• Table 4. Factors affecting the farmers’ perception of the benefits of coffee‒banana intercropping system
[1]  M. Amare, P. Parvathi, and T. T. Nguyen, “Micro insights on the pathways to agricultural transformation: Comparative evidence from Southeast Asia and Sub-Saharan Africa,” Can. J. Agric. Econ. Can. d’agroeconomie, vol. 71, no. 1, pp. 69–87, Mar. 2023.
In article      View Article
 
[2]  V. Nsengimana, J. de Dieu Nsenganeza, T. Hagenimana, and W. Dekoninck, “Impact of chemical fertilizers on diversity and abundance of soil-litter arthropod communities in coffee and banana plantations in southern Rwanda,” Curr. Res. Environ. Sustain., vol. 5, p. 100215, 2023.
In article      View Article
 
[3]  L. Jassogne, P. J. A. van Asten, I. Wanyama, and P. V Baret, “Perceptions and outlook on intercropping coffee with banana as an opportunity for smallholder coffee farmers in Uganda,” Int. J. Agric. Sustain., vol. 11, no. 2, pp. 144–158, May 2013.
In article      View Article
 
[4]  P. J. A. van Asten, L. W. I. Wairegi, D. Mukasa, and N. O. Uringi, “Agronomic and economic benefits of coffee-banana intercropping in Uganda’s smallholder farming systems,” Agric. Syst., vol. 104, no. 4, pp. 326–334, 2011.
In article      View Article
 
[5]  J. Ngango and G. S. Kim, “Assessment of Technical Efficiency and Its Potential Determinants among Small-Scale Coffee Farmers in Rwanda,” Agriculture, vol. 9, no. 7. p. 161, 2019.
In article      View Article
 
[6]  FAOSTAT, “Food and Agriculture Organization of the United Nations.,” 2022. https://www.fao.org/faostat/en/#data/QCL
In article      
 
[7]  C. Sebatta et al., “Pathways to sustainable intensification of the coffee-banana agroecosystems in the Mt. Elgon region,” Cogent Food Agric., vol. 5, no. 1, p. 1611051, Jan. 2019.
In article      View Article
 
[8]  P. J. A. van Asten, D. Ochola, L. W. I. Wairegi, A. Nibasumba, L. T. P. Jassogne, and D. Mukasa, “Coffee-Banana Intercropping: Implementation guidance for policymakers and investors. Climate-Smart Agriculture Practice Brief. Copenhagen, Denmark: CGIAR Research Program on Climate Change, Agriculture and Food Security (CCAFS).,” 2015.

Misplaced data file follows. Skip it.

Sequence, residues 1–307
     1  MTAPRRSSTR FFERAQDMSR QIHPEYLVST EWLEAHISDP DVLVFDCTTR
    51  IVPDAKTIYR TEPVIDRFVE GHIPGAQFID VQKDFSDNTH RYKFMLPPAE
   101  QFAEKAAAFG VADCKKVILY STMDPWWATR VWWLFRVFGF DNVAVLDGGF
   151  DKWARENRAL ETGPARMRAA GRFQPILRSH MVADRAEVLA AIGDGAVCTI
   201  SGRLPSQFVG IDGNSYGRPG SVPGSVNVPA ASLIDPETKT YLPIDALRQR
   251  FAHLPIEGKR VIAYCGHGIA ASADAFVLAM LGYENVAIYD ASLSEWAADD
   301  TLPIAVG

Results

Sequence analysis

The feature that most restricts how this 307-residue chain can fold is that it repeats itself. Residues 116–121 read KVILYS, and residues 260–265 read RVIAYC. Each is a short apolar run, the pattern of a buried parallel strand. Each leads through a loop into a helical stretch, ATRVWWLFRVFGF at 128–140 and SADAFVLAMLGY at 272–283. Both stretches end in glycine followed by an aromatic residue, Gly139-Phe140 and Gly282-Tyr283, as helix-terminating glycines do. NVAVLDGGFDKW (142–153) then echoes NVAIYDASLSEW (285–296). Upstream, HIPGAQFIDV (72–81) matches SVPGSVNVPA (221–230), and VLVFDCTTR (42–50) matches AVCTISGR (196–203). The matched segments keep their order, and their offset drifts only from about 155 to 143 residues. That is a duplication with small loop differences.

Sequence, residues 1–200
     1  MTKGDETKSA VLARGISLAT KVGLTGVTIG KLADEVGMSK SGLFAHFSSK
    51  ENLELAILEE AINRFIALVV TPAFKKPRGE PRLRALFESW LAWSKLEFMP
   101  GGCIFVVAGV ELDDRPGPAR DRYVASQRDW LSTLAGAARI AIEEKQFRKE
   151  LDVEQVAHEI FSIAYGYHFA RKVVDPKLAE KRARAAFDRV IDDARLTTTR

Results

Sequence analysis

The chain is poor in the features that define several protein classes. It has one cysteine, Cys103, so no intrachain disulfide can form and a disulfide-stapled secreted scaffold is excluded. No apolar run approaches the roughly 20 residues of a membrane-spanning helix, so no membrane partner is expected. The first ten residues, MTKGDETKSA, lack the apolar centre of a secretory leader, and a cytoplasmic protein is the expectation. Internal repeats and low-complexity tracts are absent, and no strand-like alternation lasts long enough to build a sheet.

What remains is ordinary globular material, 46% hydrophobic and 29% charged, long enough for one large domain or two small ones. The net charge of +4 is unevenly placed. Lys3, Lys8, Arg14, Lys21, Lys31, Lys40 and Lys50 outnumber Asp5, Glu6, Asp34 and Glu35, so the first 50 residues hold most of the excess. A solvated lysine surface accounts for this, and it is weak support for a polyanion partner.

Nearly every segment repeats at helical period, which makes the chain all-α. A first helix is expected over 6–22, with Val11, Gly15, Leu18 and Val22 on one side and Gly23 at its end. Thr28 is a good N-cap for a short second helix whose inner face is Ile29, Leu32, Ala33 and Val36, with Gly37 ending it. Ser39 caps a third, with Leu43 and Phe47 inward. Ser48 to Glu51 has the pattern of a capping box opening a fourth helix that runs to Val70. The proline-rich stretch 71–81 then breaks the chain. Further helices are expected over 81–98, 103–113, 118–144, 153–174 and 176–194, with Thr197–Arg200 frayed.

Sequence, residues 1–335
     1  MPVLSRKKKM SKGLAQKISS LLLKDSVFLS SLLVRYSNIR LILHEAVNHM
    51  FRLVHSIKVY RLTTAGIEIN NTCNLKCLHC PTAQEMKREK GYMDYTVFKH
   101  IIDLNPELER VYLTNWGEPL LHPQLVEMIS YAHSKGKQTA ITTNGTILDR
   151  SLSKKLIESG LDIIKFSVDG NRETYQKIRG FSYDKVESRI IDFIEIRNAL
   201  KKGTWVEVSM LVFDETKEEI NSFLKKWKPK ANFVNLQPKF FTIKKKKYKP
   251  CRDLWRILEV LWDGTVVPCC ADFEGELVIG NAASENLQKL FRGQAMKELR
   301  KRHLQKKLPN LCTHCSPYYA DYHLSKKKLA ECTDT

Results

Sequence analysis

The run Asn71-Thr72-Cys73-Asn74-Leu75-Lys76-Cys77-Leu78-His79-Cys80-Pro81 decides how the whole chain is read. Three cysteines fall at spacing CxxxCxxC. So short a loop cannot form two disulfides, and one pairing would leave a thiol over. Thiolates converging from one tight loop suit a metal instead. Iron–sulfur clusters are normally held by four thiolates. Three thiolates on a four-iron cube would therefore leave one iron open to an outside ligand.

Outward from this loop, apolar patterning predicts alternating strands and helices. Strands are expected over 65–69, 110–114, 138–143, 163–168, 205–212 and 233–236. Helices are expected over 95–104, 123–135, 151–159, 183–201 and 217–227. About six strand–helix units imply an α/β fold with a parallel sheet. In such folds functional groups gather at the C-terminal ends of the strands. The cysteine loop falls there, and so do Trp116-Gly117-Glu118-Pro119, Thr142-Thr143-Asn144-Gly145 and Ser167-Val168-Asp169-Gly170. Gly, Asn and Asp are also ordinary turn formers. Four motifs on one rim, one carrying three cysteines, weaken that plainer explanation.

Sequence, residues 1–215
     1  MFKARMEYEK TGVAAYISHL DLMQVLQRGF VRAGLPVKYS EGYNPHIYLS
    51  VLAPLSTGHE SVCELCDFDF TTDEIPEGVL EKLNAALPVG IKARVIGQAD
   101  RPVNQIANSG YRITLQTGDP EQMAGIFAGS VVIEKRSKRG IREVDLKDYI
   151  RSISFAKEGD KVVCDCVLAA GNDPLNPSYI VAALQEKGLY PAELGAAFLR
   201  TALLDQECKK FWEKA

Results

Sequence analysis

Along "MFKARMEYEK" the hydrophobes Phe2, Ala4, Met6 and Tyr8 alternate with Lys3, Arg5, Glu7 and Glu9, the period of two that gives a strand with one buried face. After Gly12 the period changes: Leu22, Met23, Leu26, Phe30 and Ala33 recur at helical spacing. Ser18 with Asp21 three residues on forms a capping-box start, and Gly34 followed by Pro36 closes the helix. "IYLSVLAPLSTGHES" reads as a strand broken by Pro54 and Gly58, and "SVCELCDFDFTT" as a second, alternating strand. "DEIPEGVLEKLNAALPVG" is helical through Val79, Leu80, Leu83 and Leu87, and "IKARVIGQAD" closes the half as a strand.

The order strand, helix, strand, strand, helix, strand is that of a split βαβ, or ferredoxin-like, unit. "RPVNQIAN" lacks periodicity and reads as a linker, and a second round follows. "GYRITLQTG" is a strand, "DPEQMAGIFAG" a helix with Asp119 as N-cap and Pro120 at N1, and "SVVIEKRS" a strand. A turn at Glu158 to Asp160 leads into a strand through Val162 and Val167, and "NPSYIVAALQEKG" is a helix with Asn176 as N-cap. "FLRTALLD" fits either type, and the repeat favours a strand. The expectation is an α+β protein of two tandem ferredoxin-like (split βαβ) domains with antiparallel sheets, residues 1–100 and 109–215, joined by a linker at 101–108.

In article      
 
[9]  K. Hao et al., “Optimizing shade cultivation method and irrigation amount to improve photosynthetic characteristics, bean yield, and quality of coffee in a subtropical monsoon climate,” Front. Plant Sci., vol. 13, 2022.
In article      View Article  PubMed
 
[10]  J. Manda, A. D. Alene, C. Gardebroek, M. Kassie, and G. Tembo, “Adoption and Impacts of Sustainable Agricultural Practices on Maize Yields and Incomes: Evidence from Rural Zambia,” J. Agric. Econ., vol. 67, no. 1, pp. 130–153, 2016.
In article      View Article
 
[11]  S. Rahman, “Farmers ’ perceptions of integrated pest management ( IPM ) and determinants of adoption in vegetable production in Bangladesh,” Int. J. Pest Manag., 2020.
In article      View Article
 
[12]  M. H. Kabir and R. Rainis, “Adoption and intensity of integrated pest management (IPM) vegetable farming in Bangladesh: an approach to sustainable agricultural development,” Environ. Dev. Sustain., vol. 17, pp. 1413–1429, 2015.
In article      View Article
 
[13]  N. L. Ntshangase, B. Muroyiwa, and M. Sibanda, “Farmers ’ Perceptions and Factors Influencing the Adoption of No-Till Conservation Agriculture by Small-Scale Farmers in Zashuke , KwaZulu-Natal Province,” Sustainability, vol. 10, p. 555, 2018.
In article      View Article
 
[14]  J. Ngango and S.-J. Hong, “Speed of adoption of intensive agricultural practices in Rwanda: A duration analysis,” Agrekon, vol. 60, no. 1, pp. 43–56, 2021.
In article      View Article
 
[15]  S. Ndihokubwayo et al., “Farmers’ Perception of Coffee Agroforestry Systems in an Area Targeted for Organic Certification in Burundi,” East African J. For. Agrofor., vol. 3, no. 1, pp. 40–53, 2021.
In article      View Article
 
[16]  S. Mpiira, M. Kipsat, P. Mose, F. Kalyango, W. Tushemereirwe, and C. Staver, “Farm diversification benefits and technology choice: A case of the coffee-banana farming system in Central Uganda,” African J. Agric. Res., vol. 19, no. 1, pp. 48–60, 2023.
In article      View Article
 
[17]  M. Amare, S. Asfaw, and B. Shiferaw, “Welfare impacts of maize–pigeonpea intensification in Tanzania,” Agric. Econ., vol. 43, no. 1, pp. 27–43, 2012.
In article      View Article
 
[18]  H. Teklewold, M. Kassie, B. Shiferaw, and G. Köhlin, “Cropping system diversification, conservation tillage and modern seed adoption in Ethiopia: Impacts on household income, agrochemical use and demand for labor,” Ecol. Econ., vol. 93, pp. 85–93, 2013.
In article      View Article